New study finds higher medical financial hardship in adult survivors of adolescent and young adult (AYA) cancers than in adults without a history of cancer in the United States. The study appears in JNCI: The Journal of the National Cancer Institute.
Experts have known that cancer and its treatment can cause significant financial hardship to cancer survivors and their families. However, the long-term economic implications for adult survivors of AYA cancers were not fully understood. In this study, investigators led by Amy D. Lu, MD, The Hospital for Sick Children, and Zhiyuan “Jason” Zheng, Ph.D., American Cancer Society, used data from the National Health Interview Survey (2010-2018) and analyzed responses from adult (>18 years) survivors of AYA cancers (ages 15-39 at diagnosis) and adults without a cancer history. The study explored the various aspects of financial hardships including material (for example, ability to pay bills), psychological (for example, worries about medical bills), and behavioral (for example, delaying or foregoing medical care) measures.
Key study findings include:
- Adult survivors of AYA cancers were more likely than adults without a cancer history, to report material and behavioral financial hardship, including problems paying medical bills or delaying or forgoing care because of cost.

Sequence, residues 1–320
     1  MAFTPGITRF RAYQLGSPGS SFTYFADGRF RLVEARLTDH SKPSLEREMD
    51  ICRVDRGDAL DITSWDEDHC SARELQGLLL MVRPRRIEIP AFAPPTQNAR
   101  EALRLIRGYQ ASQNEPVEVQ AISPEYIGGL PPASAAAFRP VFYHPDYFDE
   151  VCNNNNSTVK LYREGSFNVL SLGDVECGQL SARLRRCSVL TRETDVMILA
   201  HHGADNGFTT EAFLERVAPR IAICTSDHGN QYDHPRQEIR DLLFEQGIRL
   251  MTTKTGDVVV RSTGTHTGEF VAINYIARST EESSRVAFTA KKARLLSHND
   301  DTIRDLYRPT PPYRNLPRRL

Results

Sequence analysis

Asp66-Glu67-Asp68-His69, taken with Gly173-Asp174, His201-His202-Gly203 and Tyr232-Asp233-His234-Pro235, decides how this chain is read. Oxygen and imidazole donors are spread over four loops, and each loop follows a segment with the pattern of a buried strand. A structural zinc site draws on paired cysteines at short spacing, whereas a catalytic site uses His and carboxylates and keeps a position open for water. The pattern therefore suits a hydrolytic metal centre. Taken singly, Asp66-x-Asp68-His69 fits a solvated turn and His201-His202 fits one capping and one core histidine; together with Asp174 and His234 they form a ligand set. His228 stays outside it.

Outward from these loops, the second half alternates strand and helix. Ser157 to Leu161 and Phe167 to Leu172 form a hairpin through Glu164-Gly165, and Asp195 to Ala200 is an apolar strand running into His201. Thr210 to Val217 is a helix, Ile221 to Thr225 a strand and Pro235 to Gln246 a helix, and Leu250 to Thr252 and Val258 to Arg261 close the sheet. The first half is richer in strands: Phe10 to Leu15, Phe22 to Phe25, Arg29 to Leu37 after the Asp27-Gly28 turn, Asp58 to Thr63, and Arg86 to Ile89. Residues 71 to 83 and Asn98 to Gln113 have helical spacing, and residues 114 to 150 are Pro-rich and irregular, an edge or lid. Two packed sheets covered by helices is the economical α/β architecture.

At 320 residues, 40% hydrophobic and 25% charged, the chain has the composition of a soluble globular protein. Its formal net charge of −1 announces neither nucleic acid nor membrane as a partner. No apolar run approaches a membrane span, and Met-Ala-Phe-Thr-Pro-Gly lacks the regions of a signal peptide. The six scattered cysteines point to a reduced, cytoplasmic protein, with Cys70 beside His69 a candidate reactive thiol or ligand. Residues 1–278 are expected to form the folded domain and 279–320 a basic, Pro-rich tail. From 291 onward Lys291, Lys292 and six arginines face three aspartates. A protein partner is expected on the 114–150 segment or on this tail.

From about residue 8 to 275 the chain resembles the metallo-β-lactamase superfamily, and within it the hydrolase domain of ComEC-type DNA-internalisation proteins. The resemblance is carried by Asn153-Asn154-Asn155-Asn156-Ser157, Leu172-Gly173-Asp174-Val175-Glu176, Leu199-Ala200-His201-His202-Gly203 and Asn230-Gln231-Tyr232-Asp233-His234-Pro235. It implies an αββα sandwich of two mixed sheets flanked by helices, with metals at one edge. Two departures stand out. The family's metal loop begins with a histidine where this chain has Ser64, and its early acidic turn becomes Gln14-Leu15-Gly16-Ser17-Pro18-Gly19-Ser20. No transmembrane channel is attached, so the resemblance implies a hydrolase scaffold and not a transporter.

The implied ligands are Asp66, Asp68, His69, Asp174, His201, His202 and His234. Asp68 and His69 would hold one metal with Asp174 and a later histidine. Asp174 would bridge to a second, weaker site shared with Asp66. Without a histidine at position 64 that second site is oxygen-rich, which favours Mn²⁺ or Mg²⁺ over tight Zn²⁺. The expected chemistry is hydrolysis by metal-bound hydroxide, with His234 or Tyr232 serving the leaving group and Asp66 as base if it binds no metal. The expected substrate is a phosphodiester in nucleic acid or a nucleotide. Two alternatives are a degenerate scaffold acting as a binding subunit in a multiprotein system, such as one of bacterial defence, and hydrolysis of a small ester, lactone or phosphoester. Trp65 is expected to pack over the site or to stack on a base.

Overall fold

- Adult survivors of AYA cancers were more likely to report greater intensity of medical financial hardship than their counterparts without a cancer history.
- Adult survivors of AYA cancers were more likely to report cost-related medication non-adherence, such as skipping medication doses, taking less medication, and delaying filling a prescription to save money.
“Multiple aspects of financial hardship associated with a cancer diagnosis may last for many years for survivors of AYA cancers,” said Zheng.
As the incidences of AYA cancers increases, understanding the spectrum of medical financial hardship is critical to those caring for and designing policies for adult survivors of AYA cancers, and in guiding ongoing research in this area.
“Healthcare providers can help support increased awareness and assessment of financial hardship, as well as subsequent connection to existing financial and vocational assistance/support services. State and federal policies may have a broader impact through implementation of provisions of the Affordable Care Act in increasing insurance coverage options including affordability and accessibility,” said the authors.
This article was originally released on April 12, 2021, by the American Cancer Society. It is republished with permission.